Screens with a single primary action can have multiple secondary actions but they need to be kept secondary! The reason why your article exists isn’t so that people can share it on Twitter…it exists for people to read and understand it. Keep secondary actions secondary by making them lighter weight visually or shown after the primary action has been achieved.

  Provide a natural next step

Very few interactions are meant to be the last, so thoughtfully design a next step for each interaction a person has with your interface. Anticipate what the next interaction should be and design to support it. Just as we like in human conversation, provide an opening for further interaction. Don’t leave a person hanging because they’ve done what you want them to do…give them a natural next step that helps them further achieve their goals.

  Appearance follows behavior

Humans are most comfortable with things that behave the way we expect. Other people, animals, objects, software. When someone or something behaves consistently with our expectations we feel like we have a good relationship with it. To that end designed elements should look like how they behave. Form follows function. In practice this means that someone should be able to predict how an interface element will behave merely by looking at it. If it looks like a button it shouldact like a button. Don’t get cute with the basics of interaction…keep your creativity for higher order concerns.

  Consistency matters

Following on the previous principle, screen elements should not appear consistent with each other unless they behave consistently with each other. Elements that behave the same should look the same. But it is just as important for unlike elements to appear unlike (be inconsistent) as it is for like elements to appear consistent. In an effort to be consistent novice designers often obscure important differences by using the same visual treatment (often to re-use code) when different visual treatment is appropriate.

  Strong visual hierarchies work best

A strong visual hierarchy is achieved when there is a clear viewing order to the visual elements on a screen. That is, when users view the same items in the same order every time. Weak visual hierarchies give little clue about where to rest one’s gaze and end up feeling cluttered and confusing. In environments of great change it is hard to maintain a strong visual hierarchy because visual weight is relative: when everything is bold, nothing is bold. Should a single visually heavy element be added to a screen, the designer may need to reset the visual weight of all elements to once again achieve a strong hierarchy. Most people don’t notice visual hierarchy but it is one of the easiest ways to strengthen (or weaken) a design.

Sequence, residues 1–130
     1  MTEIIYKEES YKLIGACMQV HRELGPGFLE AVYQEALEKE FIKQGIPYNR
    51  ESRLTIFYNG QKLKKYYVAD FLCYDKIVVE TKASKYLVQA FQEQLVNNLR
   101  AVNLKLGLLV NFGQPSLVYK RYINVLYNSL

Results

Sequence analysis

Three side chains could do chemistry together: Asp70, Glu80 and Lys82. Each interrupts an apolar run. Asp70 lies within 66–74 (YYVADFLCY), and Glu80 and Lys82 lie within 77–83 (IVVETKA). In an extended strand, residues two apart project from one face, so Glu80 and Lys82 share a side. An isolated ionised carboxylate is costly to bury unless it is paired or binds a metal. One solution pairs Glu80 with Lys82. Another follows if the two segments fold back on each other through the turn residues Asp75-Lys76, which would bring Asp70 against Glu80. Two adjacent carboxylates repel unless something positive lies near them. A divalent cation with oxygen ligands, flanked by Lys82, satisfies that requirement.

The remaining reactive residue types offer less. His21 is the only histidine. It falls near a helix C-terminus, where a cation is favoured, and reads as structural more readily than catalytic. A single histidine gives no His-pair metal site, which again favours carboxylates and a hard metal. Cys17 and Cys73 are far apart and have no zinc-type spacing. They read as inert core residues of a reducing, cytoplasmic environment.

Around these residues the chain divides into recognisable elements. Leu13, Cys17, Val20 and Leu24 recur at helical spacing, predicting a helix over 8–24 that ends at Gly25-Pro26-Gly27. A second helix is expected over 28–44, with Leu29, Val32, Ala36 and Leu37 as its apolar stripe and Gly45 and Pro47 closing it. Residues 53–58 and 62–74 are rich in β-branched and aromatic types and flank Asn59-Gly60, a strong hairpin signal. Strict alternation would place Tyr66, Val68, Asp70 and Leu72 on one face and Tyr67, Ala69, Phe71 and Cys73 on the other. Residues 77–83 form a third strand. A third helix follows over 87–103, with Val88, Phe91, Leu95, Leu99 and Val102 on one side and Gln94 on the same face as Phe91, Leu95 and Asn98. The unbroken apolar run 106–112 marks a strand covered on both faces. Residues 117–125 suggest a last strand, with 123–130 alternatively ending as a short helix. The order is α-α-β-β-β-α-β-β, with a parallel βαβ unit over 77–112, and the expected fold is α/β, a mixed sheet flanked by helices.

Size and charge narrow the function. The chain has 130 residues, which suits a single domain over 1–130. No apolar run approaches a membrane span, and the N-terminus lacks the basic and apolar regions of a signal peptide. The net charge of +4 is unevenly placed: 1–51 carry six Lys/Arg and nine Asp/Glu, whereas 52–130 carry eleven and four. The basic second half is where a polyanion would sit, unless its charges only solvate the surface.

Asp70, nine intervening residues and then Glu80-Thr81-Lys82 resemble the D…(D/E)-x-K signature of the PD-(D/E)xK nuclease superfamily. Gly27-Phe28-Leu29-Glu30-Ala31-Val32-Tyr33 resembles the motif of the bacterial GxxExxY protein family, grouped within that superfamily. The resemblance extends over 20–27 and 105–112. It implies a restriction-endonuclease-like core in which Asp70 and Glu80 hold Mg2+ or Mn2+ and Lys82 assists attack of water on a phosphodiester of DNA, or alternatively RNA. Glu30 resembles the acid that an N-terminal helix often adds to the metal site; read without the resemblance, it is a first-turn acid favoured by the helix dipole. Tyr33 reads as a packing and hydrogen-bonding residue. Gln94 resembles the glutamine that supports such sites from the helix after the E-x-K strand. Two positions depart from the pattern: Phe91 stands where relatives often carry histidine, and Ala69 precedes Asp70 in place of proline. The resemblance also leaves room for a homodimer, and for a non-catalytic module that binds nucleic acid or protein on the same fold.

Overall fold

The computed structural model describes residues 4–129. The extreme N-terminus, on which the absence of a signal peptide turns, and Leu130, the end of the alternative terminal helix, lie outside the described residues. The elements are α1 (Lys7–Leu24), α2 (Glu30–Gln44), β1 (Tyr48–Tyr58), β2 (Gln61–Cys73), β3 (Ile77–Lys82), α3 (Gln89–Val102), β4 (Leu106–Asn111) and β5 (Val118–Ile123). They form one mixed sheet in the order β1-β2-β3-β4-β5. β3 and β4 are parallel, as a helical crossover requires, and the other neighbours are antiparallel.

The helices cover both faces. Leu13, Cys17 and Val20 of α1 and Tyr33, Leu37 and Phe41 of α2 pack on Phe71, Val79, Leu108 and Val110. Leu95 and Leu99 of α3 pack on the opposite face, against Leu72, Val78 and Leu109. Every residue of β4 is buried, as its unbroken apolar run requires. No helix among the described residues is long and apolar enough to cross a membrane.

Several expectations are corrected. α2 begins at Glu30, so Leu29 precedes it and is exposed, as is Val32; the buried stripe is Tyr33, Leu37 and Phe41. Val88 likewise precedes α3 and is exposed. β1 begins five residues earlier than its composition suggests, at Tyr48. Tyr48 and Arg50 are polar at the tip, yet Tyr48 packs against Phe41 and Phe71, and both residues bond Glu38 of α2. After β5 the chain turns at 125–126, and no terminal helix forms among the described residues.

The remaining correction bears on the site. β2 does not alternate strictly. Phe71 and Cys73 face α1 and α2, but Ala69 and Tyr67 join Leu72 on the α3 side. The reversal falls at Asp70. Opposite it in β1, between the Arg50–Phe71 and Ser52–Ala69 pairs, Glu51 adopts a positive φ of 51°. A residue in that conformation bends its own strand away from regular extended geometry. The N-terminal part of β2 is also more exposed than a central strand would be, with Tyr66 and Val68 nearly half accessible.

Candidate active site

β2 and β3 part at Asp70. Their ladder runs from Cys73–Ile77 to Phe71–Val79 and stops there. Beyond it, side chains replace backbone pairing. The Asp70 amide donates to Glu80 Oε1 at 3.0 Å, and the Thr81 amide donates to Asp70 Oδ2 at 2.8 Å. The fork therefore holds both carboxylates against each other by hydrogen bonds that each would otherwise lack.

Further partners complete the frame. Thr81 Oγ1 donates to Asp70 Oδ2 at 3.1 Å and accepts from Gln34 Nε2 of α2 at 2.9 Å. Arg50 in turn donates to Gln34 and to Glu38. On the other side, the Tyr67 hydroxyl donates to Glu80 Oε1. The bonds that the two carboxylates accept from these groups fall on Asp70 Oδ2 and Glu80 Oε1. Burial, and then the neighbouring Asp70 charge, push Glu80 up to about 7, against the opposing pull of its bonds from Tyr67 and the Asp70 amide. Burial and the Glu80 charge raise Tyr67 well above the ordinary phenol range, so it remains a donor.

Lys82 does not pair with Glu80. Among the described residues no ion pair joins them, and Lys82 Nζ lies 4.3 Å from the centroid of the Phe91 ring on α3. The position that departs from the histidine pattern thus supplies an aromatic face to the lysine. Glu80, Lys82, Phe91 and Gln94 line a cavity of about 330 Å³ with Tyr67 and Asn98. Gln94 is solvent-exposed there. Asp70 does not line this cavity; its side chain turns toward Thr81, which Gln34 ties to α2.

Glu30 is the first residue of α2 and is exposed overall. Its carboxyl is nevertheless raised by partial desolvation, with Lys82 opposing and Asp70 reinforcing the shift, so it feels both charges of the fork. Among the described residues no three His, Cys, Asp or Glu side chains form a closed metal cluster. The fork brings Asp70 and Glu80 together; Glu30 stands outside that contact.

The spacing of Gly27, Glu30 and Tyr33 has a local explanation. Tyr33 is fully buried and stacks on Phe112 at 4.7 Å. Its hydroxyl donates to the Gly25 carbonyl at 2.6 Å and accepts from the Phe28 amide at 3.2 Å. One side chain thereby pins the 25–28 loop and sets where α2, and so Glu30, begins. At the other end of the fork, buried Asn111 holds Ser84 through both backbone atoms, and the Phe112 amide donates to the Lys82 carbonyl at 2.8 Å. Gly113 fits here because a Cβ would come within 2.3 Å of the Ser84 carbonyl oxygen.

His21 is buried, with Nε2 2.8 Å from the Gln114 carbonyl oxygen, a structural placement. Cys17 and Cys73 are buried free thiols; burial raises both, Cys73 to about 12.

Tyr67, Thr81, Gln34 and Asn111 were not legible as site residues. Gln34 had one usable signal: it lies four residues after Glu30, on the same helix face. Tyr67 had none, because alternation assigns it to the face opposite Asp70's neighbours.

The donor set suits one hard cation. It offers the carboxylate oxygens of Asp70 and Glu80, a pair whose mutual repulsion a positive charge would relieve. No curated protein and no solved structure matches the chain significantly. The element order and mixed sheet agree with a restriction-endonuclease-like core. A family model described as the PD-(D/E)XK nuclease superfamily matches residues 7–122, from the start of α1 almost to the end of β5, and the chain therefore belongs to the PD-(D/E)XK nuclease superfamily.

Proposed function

  Smart organization reduces cognitive load

As John Maeda says in his book Simplicity, smart organization of screen elements can make the many appear as the few. This helps people understand your interface easier and more quickly, as you’ve illustrated the inherent relationships of content in your design. Group together like elements, show natural relationships by placement and orientation. By smartly organizing your content you make it less of a cognitive load on the user…who doesn’t have to think about how elements are related because you’ve done it for them. Don’t force the user to figure things out…show them by designing those relationships into your screens.

  Highlight, don’t determine, with color

The color of physical things changes as light changes. In the full light of day we see a very different tree than one outlined against a sunset. As in the physical world, where color is a many-shaded thing, color should not determine much in an interface. It can help, be used for highlighting, be used to guide attention, but should not be the only differentiator of things. For long-reading or extended screen hours, use light or muted background colors, saving brighter hues for your accent colors. Of course there is a time for vibrant background colors as well, just be sure that it is appropriate for your audience.

  Progressive disclosure

Show only what is necessary on each screen. If people are making a choice, show enough information to allow them the choice, then dive into details on a subsequent screen. Avoid the tendency to over-explain or show everything all at once. When possible, defer decisions to subsequent screens by progressively disclosing information as necessary. This will keep your interactions more clear.

  Help people inline

In ideal interfaces, help is not necessary because the interface is learnable and usable. The step below this, reality, is one in which help is inline and contextual, available only when and where it is needed, hidden from view at all other times. Asking people to go to help and find an answer to their question puts the onus on them to know what they need. Instead build in help where it is needed…just make sure that it is out of the way of people who already know how to use your interface.

  A crucial moment: the zero state